Two base camps were then set up: the first, at the foot of the very spectacular Batin Peaks, for rock climbing practice; and the second at an altitude of 4000 metres at the base of the massive glacier that stretches toward the final ridge of Falak Sar (6000 metres), for practice on negotiating ice and snow.

These sessions took the students up to 4800 metres along the summit ridge of Falak Sar, where they confronted what at times were very steep slopes interrupted by deep crevices and snow bridges.

Falak Glacier

The theoretical final exams were administered assoon as the students were back in the city of Mingora, and theresults were as follows: three “excellent”, eight “good”, six“sufficient” and four “assistants”.

It should be pointed out that none of the trainees owned even the most rudimentary equipment, and that the majority of them were unschooled in any mountaineering lore. Thanks to the friendly collaboration of several chapters of the Italian Alpine Club (CAI), our organisation collected all the gear that would be need once we got to Pakistan: ropes, ice axes, climbing harnesses, crampons, helmets and clothing.

The SCARPA company of Asolo generously supplied brand new hiking boots for all participants. Camp logistics and ground transportation were handled by the professionals of Adventure Tours of Pakistan, to whom we extend our most sincere thanks.

The course’s complete success is a source of gratification for us all. The students’ enthusiasm and gratitude were truly moving. Naturally, only time will determine the final outcome.

The ceremony for awarding the diplomas took place in the city of Saidu Sharif in the presence of Italian ambassador to Pakistan Stefano Pontecorvo, the director of the Khyber Pakhtunkhwa region’s tourism department Sayd Mohmmad Ali, mayor of Swat Mohammad Ali Shah and president of the Adventure Foundation Brig. Mohammad Akram Khan. A few journalists from the main national newspapers and TV networks also attended, and offered excellent media coverage in the days that followed.We are convinced that we have laid the first stone of the project to train not only skilled and conscientious trekking guides in the upper Swat valleys but also, and above all, to establish genuine, well-grounded local outposts for the defence of the environment, capable of preventing blatant assaults on the mountain by commercial interests coming from elsewhere.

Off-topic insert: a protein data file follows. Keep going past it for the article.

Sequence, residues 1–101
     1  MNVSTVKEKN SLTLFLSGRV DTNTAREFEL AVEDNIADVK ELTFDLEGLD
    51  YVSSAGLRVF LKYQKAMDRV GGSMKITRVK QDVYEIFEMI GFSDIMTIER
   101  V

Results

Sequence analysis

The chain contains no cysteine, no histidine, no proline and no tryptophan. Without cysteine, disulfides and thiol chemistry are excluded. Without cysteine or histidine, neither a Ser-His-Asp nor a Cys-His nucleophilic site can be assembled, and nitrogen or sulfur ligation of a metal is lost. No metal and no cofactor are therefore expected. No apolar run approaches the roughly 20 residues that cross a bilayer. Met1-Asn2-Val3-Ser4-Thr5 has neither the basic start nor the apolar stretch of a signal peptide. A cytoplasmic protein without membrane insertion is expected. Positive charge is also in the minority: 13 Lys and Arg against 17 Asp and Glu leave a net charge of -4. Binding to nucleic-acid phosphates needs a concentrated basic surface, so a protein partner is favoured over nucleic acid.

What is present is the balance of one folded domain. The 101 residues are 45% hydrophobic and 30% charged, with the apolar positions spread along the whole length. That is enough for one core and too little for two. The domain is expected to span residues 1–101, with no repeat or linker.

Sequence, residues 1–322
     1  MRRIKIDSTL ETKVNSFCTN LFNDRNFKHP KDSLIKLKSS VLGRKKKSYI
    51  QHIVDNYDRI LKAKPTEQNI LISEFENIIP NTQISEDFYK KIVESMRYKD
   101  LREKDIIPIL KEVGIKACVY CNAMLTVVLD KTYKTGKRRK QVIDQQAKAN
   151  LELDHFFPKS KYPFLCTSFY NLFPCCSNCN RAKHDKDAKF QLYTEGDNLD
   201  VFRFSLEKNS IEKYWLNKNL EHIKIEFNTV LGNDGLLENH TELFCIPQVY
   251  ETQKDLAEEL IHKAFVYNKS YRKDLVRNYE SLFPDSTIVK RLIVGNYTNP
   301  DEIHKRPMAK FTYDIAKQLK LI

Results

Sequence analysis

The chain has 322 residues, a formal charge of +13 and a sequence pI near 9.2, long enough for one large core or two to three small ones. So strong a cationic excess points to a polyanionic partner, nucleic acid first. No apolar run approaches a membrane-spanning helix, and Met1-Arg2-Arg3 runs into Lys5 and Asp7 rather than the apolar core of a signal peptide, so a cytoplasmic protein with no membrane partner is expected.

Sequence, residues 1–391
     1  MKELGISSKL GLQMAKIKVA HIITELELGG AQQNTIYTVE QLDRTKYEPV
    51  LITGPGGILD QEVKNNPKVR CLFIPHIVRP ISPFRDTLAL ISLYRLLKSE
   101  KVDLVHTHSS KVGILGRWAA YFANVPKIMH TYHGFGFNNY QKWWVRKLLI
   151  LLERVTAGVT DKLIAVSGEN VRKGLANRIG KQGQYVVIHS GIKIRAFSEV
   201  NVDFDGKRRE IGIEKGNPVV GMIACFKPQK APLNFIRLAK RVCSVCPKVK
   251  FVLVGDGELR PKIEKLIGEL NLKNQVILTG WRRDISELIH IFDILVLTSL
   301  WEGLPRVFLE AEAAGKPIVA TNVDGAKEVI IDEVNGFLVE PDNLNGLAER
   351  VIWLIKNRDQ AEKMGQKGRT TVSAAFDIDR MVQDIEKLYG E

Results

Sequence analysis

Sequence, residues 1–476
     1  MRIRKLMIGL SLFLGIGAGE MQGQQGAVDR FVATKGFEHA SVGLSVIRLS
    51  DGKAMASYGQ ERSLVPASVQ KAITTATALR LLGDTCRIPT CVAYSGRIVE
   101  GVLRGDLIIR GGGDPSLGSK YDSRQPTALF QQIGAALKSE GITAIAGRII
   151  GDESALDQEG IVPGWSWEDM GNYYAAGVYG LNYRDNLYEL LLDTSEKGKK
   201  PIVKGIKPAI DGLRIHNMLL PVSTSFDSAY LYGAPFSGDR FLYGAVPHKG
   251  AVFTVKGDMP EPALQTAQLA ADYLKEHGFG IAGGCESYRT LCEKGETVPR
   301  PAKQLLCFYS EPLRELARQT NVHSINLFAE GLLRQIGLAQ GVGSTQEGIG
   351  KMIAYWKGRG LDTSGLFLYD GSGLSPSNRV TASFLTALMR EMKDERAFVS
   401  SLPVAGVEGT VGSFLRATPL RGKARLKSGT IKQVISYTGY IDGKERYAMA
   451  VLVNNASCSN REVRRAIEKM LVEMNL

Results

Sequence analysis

Our team of instructors included:

Carlo Alberto Pinelli, course director andhonorary president of Mountain Wilderness International; EmilianoOlivero, director of the central mountaineering school of the ItalianAlpine Club (CAI); Omar Scarpellini, national mountaineering instructor of CAI; Tommaso Castorina, mountaineering instructor of CAI Florence. All associated to Mountain Wilderness.

Four Pakistani trainers contributed to the course:

Mohammad Afzel Sherazi, president of Mountain Wilderness Pakistan and deputy director of the course, Mohammad Javeed Sherazi, excellent mountaineer and high altitude physician, Tauqeer and Zonib: climbers.”

In addition to the institutions, associations andcompanies already cited, we extend our deepest gratitude to:

Epitech farmaceutici – Padua Innovet

Grivel – Mont Blanc Optariston – Rome Alta Quota – Rome Rock andWall – Rome

Ditta Milanesio – Chivasso

Thanks also to:

Francesco Cappellari

(CAP, BM)